City officials released new school safety data Thursday that show crime and school-related arrests are falling, but also reveal a more complete picture of persistent racial disparities in student interactions with police.
The numbers were announced at a joint press conference with schools chief Carmen Fariña and police Commissioner William Bratton, who touted statistics that show “index” crimes in the city’s public schools — the most serious offenses — are down 35 percent over the past five years.
They also pointed to school-based arrests, which are down 8.9 percent, according to NYPD data, and summonses issued at school, which have dropped by roughly 37 percent over the same time frame.
“I anticipate that we’re going to continue to see a drop in all kinds of crime in our schools,” Fariña said, referring in part to the city’s efforts to promote holistic responses like restorative justice rather than a zero-tolerance approach. “This is not just about soft words, it’s about a very concrete action.”
But what went almost entirely unaddressed in the press conference is the deep divide between students of color and their white peers in how they are treated by police inside their schools.
For the first time this year, the NYPD was required to release data on student interactions with regular precinct officers who are called to schools, in addition to school safety agents posted in schools. In previous reports, the NYPD only released data on incidents involving school safety agents.
As Chalkbeat reported last month, the department missed the deadline for providing those numbers. Thursday’s release comes weeks after it was legally required.
The most recent data, which covers April through June 2016, show that black students are more likely to be arrested and restrained than their white peers.
Black students made up 53 percent of the 397 arrests inside schools, despite representing just 27 percent of the city’s students, according to a Chalkbeat analysis. Hispanic students are slightly underrepresented. They made up 33.5 percent of student arrests, and comprise 40.5 percent the overall student body.
But white students, who make nearly 15 percent of the city’s students, accounted for just 6.3 percent of the arrests, or 25 total.
And while there was some narrowing of racial disparities in student arrests between the first and second quarters, activists said they were still unacceptable.
“The second quarter school safety data shows the racial inequities we saw in the first quarter were not an aberration, but part of a pattern of criminalization of black and brown youth in our schools and city,” wrote Kesi Foster, an organizer at the Urban Youth Collaborative, in a press release. “We are still waiting for transformative policy changes.”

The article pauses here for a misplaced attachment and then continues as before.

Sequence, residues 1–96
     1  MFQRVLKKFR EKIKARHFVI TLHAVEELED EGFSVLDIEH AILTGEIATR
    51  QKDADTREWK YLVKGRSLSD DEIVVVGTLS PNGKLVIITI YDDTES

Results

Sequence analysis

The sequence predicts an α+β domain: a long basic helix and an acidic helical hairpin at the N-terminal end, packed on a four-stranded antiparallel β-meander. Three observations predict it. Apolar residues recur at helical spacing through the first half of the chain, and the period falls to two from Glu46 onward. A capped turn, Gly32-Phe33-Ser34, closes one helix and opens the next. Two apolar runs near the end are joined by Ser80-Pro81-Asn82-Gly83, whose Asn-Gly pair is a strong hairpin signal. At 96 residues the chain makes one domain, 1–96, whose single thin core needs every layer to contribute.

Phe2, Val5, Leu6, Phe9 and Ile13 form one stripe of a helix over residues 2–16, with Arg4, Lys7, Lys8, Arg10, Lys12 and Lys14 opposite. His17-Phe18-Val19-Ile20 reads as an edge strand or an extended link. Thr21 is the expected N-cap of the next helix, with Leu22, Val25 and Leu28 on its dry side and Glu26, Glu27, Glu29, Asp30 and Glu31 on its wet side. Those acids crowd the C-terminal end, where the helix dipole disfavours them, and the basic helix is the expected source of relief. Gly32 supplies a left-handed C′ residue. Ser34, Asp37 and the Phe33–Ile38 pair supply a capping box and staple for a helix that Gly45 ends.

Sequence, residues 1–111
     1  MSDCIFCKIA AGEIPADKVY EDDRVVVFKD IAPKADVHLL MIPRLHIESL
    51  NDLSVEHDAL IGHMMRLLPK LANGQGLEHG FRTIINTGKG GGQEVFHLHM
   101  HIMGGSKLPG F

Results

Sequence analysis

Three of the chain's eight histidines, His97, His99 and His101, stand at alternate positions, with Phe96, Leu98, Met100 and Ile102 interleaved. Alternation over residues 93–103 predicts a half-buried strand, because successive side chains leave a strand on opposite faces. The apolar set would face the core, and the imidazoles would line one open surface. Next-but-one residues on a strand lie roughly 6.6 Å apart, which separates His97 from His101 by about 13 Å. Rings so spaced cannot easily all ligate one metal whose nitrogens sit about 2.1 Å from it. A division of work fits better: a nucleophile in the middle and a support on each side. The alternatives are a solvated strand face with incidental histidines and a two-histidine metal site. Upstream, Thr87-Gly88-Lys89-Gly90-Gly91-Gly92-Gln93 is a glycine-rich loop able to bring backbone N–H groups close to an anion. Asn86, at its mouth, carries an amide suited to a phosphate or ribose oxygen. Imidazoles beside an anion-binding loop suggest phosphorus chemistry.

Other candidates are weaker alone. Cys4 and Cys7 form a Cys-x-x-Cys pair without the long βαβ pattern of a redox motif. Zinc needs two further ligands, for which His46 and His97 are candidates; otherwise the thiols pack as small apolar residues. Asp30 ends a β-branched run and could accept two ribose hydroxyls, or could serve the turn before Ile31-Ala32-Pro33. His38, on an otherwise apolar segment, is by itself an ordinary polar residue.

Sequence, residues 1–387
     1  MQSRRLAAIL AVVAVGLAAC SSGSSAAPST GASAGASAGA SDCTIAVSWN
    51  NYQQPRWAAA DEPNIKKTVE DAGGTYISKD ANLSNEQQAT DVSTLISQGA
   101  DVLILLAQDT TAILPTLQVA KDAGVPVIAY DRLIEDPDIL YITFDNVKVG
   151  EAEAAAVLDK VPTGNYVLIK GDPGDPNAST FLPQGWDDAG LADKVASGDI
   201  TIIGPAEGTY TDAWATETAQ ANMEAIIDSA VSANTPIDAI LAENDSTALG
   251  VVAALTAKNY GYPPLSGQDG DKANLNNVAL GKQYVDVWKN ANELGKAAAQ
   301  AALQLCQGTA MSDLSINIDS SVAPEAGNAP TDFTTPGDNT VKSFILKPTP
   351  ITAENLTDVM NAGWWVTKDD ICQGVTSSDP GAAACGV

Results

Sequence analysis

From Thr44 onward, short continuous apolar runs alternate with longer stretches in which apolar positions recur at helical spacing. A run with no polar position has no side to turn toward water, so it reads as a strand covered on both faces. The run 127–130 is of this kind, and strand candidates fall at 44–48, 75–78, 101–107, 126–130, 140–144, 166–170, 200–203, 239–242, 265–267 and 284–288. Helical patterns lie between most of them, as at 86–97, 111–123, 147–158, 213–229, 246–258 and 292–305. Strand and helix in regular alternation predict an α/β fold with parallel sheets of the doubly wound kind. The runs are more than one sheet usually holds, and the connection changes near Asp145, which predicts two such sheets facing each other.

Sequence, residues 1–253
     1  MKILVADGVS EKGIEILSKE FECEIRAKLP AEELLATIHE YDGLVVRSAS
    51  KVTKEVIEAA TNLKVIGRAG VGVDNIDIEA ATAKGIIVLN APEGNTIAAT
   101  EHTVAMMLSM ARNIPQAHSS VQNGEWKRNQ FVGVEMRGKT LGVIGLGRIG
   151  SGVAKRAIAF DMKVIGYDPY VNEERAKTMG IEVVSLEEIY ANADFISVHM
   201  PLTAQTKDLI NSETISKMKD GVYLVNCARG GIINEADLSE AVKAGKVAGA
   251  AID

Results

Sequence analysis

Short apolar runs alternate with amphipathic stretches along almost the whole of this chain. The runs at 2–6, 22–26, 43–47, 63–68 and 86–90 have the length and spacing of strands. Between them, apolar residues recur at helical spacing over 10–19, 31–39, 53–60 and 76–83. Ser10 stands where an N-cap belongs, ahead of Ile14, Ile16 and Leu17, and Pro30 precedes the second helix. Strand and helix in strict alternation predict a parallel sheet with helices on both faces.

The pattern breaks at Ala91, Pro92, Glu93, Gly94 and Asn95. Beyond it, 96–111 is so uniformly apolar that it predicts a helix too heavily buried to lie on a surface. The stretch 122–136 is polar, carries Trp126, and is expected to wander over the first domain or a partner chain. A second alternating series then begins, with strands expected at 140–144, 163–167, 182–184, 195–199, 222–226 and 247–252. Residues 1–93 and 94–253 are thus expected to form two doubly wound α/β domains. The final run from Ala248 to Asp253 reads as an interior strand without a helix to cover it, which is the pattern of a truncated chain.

Several other advocacy organizations, including Advocates for Children and the New York Civil Liberties Union, also independently called on the city to come up with a comprehensive plan to significantly reduce racial disparities in student interactions with police.
The use of restraints dipped from 673 instances in the first quarter of 2016 to 554 in the second quarter, but there were still stark racial gaps. Black students represented 59.4 percent of those restrained, compared with Hispanic students (30 percent) and white students (4 percent).
The youngest student restrained in the second quarter of 2016 was seven years old, and 20 students 12 or younger were handcuffed.
Roughly 250 summonses were issued to students, many of them for minor offenses such as disorderly conduct or marijuana possession. Some of the students were as young as 16, and more than half of them were black. Students issued summonses at school can become ensnared in the criminal justice system, explained Advocates for Children, for “minor misbehavior that does not rise the level of a crime.”
“While the data shows a welcome decline in school crime,” Advocates for Children wrote in a press release, “the second quarter data suggests that some school staff have not received appropriate de-escalation training and some schools do not have appropriate de-escalation plans in place to manage students in emotional crisis.”
The city education department referred questions about racial disparities and the policies governing the use of restraints to the NYPD, which did not immediately respond to a request for comment. In a press release, the city highlighted $47 million in annual funding for “school climate initiatives and mental health supports” to “manage incidents and address underlying issues head-on.”
During the press conference, NYPD Assistant Chief Brian Conroy, who heads the school safety division, also noted that officers recovered 2,053 weapons during the 2015-16 school year, including seven firearms, compared with 1,673 weapons and nine firearms the year before.
Addressing the year-over-year increase, Conroy downplayed the idea that more confiscated weapons shows schools are more dangerous. “We really feel that we’re just being better at identifying the students that have weapons, either through scanning or through other means — teachers having great relationships with other students,” he said.